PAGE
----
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Everyone took a turn to share how they were planning to document their learning throughout the day, and it was so great to see so many different approaches!

After that, it was time for them to plan their day! I took some time to give them an overview of all the different possible options that could support their learning throughout the day.

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I briefly explained what my optional workshops were about and how the conferences would work:

Who the Skype experts were:

I helped them centralize the things they might want to discuss with one another:

I previewed the resource document that I built for them.

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And then… they were off planning!!! (using their success criteria and self-assessment to inform the choices they made about their learning)

The “Act” Portion of the day…

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Optional Workshops:

1. The “Why” Behind Student Agency

First we started with an opportunity for them to tune into their own understanding of what they think student agency is.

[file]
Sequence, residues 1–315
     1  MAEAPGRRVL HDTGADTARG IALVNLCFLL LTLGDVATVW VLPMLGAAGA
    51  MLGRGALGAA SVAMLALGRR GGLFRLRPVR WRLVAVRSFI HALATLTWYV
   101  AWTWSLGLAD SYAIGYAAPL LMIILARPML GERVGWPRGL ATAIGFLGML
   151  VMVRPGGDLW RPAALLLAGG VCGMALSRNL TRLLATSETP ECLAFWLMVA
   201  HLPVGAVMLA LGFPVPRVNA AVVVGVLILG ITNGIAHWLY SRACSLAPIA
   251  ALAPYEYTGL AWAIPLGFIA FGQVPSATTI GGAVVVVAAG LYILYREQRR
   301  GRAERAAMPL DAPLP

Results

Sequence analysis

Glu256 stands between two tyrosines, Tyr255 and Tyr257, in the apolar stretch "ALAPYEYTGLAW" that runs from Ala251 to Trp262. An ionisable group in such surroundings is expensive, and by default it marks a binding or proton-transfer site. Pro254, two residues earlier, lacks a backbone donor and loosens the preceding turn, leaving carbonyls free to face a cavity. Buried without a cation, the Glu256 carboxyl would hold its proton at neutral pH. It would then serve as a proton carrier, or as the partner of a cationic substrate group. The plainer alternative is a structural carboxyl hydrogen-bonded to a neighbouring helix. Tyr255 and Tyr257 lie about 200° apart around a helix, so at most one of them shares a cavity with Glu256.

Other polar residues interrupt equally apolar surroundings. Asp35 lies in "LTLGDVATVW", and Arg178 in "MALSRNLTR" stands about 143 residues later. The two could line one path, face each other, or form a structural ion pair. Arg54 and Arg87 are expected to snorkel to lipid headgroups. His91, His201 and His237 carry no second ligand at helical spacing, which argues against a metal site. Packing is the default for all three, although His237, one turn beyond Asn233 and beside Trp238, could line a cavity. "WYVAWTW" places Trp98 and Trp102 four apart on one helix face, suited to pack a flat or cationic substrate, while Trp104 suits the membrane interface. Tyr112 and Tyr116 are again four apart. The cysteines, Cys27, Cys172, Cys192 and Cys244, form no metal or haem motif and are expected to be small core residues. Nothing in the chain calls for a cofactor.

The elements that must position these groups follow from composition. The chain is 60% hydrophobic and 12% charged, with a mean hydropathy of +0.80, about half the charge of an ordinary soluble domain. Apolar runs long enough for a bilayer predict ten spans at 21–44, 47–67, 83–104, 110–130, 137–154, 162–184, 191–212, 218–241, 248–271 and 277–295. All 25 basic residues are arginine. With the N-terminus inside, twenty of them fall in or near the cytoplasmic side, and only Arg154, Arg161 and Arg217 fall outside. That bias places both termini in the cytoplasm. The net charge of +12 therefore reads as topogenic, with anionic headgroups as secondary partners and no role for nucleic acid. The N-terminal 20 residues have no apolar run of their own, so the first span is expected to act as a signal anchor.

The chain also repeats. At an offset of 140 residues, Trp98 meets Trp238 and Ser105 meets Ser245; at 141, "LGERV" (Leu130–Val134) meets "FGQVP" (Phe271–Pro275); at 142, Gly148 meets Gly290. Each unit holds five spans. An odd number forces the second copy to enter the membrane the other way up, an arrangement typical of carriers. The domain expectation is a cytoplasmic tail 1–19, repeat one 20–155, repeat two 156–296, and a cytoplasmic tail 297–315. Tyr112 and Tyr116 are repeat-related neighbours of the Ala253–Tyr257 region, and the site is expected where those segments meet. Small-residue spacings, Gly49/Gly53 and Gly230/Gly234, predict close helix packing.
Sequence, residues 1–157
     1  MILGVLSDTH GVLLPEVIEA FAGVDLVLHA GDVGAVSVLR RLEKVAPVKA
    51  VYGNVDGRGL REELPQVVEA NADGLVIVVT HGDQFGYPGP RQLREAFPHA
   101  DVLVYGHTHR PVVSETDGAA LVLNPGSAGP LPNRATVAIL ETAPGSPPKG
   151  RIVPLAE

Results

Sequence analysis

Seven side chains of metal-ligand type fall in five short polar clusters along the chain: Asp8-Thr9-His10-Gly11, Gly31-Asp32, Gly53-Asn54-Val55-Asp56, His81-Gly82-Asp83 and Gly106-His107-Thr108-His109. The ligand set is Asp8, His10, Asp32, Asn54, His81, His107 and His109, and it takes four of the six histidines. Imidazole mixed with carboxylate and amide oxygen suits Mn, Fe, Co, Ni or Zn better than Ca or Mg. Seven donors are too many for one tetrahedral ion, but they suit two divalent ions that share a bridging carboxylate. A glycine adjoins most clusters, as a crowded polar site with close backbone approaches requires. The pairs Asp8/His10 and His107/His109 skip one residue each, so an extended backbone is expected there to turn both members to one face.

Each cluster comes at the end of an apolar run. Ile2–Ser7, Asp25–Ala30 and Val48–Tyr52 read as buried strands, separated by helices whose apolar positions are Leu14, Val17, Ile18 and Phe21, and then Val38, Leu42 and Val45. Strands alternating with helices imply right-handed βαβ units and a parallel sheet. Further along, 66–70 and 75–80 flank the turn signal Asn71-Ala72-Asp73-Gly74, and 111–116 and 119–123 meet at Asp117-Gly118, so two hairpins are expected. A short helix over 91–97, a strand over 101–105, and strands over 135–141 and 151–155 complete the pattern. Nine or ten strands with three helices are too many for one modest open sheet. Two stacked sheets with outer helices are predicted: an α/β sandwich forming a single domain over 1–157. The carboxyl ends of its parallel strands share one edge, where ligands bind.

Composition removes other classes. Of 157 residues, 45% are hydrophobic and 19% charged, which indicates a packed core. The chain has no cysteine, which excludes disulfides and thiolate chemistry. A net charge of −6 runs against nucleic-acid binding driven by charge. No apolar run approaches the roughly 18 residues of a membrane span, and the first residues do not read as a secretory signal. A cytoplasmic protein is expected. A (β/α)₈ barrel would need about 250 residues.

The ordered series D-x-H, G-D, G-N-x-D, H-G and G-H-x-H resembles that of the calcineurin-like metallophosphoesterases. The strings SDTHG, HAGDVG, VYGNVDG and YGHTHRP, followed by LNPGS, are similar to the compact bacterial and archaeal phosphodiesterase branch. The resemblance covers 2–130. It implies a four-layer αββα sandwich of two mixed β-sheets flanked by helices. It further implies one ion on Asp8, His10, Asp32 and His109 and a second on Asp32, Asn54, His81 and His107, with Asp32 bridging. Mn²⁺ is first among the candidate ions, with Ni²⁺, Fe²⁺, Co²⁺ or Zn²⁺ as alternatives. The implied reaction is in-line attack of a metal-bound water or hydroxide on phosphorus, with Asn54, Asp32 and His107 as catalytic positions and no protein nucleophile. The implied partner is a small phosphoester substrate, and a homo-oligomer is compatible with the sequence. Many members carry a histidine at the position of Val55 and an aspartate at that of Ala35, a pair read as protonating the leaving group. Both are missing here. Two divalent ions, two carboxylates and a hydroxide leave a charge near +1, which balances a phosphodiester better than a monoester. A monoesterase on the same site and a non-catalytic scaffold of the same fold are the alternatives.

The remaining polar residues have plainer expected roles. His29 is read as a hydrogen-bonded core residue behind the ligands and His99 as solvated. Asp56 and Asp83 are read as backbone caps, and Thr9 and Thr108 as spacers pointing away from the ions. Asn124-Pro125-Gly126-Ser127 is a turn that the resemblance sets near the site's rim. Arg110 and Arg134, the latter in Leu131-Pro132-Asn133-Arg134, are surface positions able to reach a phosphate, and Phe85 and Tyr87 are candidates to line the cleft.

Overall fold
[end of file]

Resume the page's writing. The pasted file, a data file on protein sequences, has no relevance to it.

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Next we moved into a “Tug of War” to help them debate and discuss a variety of underlying beliefs, assumptions and philosophies connected to agency.

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Finally, we did Chalk Talk to help them engage with some provocative stimuli to poke and provoke their thinking and emotions further. (Warning – some stimuli are quite extreme!)

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2. Transferring Decision into the Hands of Learners

First, I had everyone brainstorm all the decisions they make in their role as an educator

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Then, I had them use a quote from the Empower book to challenge them to think about which of those decisions learners “should” or “could” be making themselves.

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Then I invited them to visit other groups and leave some feedback to push each other’s thinking a little further.

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Finally, I had them reflect on any shifts in their thinking as a result of the activity.

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3. Self-Reflection and Planning for Action